While all of the aforementioned are of paramount concern for the surgical procedure, the main purpose of this paper is to highlight methods of addressing bone deficiency.
The importance of thoughtful pre-operative planning cannot be over-emphasised as this will give a good indication of the bone graft and implant requirements1,5 although provision must always be made to allow for change as the circumstances dictate.
Before the surgery is undertaken a thorough appraisal of the extent and location of the bone loss is required1,6,7 so that adequate plans can be laid to accommodate each eventuality.
Depending on the location and extent of the deficiency there are a variety of methods of dealing with these defects including the use of PMMA with or without screws for additional support; modular TKA systems with wedges, augments and stems; and mega- or tumour prostheses.1-3,8-10 Bone graft can be used as morcellised or structural grafts using autograft or allograft material11,12 or bone substitutes.13,14
Over the years a number of authors have attempted to define the bone loss in descriptive classifications. These include the Dorr, Rand, Bargar and Gross; Elia and Lotke, Insall and Sloof; Anderson Orthopaedic Research Institute (AORI); Massachusetts Gen Hospital; Salai et al;7Clatworthy and Gross; and the Huff and Sculco classifications.
All, except the University of Pennsylvania classification, are based on the intra-operative assessment of the extent of the loss, and the AORI, Massachusetts Gen Hospital and the Huff and Sculco15 include the pre-op assessment as well. Yi Yan Qiu et al16 in reviewing the published classifications, describe and illustrate each of these, debating their merits, and concluded that no single classification is ideal.
The AORI classification is used most commonly and considers the role of the remaining bone on implant stability (Table I and Figure 1). However, neither this nor any other accommodates all the eventualities or the full spectrum of instability encountered,6,16,17 in particular rotational instability. They also do not address patellar bone loss, nor do they address the situation where the implant remains well fixed and can be retained in the face of significant bone loss.6
A study of these different systems shows that they vary somewhat in the degree of detail included: some are specifically for revision, some for tibia or femur only, and may or may not specify the size of the defect.
In order to accommodate these deficiencies, a universal classification that incorporates all the stability scenarios, including patellar bone loss and soft tissue integrity, that can be applied to both primary and revision procedures should be developed.
Standard AP and lateral radiographs are the primary imaging investigations (Figure 2). The assessment of the extent of bone loss is not as straightforward as it may appear, especially after a TKR has been performed. Occasionally CT, with 3D reconstruction, especially for severe AORI type 2 or type 3, is required to define the extent and location of the defects and to facilitate operative planning.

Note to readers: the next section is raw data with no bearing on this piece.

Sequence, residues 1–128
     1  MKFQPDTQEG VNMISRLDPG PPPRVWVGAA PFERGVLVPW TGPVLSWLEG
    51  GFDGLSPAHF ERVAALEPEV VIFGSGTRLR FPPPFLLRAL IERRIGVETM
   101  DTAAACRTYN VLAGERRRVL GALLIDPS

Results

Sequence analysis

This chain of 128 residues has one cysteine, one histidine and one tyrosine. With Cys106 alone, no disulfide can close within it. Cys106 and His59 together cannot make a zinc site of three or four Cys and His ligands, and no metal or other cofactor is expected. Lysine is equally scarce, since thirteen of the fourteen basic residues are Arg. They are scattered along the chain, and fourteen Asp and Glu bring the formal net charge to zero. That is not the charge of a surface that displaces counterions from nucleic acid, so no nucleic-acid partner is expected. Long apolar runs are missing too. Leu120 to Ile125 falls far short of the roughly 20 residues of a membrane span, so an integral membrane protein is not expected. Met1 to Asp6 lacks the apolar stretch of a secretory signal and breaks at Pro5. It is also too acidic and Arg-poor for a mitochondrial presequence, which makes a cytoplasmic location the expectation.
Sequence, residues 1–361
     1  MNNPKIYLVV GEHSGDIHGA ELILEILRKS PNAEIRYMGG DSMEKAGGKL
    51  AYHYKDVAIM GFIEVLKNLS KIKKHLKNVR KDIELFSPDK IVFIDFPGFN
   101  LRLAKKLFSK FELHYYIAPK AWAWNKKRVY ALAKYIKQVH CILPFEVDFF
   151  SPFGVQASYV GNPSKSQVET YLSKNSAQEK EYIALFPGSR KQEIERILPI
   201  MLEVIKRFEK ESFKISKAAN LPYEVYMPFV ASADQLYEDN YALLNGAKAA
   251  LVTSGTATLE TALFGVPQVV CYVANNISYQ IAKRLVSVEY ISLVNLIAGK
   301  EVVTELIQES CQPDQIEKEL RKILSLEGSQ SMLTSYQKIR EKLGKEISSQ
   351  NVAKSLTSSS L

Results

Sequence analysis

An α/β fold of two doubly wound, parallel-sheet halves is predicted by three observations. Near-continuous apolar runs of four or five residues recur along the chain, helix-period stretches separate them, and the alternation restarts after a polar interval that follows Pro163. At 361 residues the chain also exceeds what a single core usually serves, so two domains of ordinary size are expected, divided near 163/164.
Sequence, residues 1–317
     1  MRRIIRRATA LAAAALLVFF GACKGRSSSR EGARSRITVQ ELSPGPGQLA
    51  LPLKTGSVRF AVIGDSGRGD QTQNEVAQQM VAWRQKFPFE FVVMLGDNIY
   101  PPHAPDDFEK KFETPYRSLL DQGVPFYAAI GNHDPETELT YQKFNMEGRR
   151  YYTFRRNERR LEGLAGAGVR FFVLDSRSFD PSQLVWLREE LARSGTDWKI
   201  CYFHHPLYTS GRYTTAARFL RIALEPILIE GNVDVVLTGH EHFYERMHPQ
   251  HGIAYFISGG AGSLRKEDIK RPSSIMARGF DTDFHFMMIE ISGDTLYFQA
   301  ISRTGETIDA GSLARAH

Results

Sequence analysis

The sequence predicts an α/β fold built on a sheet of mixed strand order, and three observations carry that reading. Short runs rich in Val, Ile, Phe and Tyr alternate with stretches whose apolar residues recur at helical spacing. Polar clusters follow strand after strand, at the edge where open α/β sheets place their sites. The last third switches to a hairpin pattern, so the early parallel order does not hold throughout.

An indication of potential trouble with the tibial component is lucency beneath the tibial base plate at the implant/bone interface. Because of load bearing, the space which develops at this interface becomes continually obliterated, masking progressive tibial component subsidence. The bone underlying this is reactive and may in fact appear more sclerotic.
On the femoral side, particularly on the AP view, the prosthesis obscures the bone/implant interface making assessment difficult. Oblique radiographic views or fluoroscopic imaging is useful to improve visualisation in this area. An osteopaenic appearance of the epicondyles even without demarcation of the transitional zone is a clear sign of significant bone resorption from granuloma formation. The lateral view gives a much clearer view of the extent of bone loss than does the AP. Lucency beneath the anterior patellar flange, and most importantly, the posterior condyles are frequent areas of visible bone loss.
Although the use of a specific classification system is not mandatory, categorisation of the bone loss in these terms does assist with defining the defect and planning treatment options.
Management of the defect
Whether primary or revision arthroplasty, the principles apply to both procedures. The pre-operative planning serves to raise awareness of, and the anticipation for, the intra-operative situation. Although the pre-op assessment is only an estimate of the degree of bone loss, the final assessment of the degree of bone deficiency and the stability of the implant, especially rotational stability, can only made during the surgical procedure. Hence flexibility with the choice of implants and bone graft or substitutes is required.
Having assessed the degree and complexity of the bone loss, pre-operative planning of the resection lines will give additional information of the remaining bone deficit.
A good basic principle is to try to restore the bone stock to a 'primary' situation as far as possible. In most cases it is possible to restore significant bone stock which will make future interventions much easier to deal with. This is a well accepted principle in hip surgery and the knee is no different.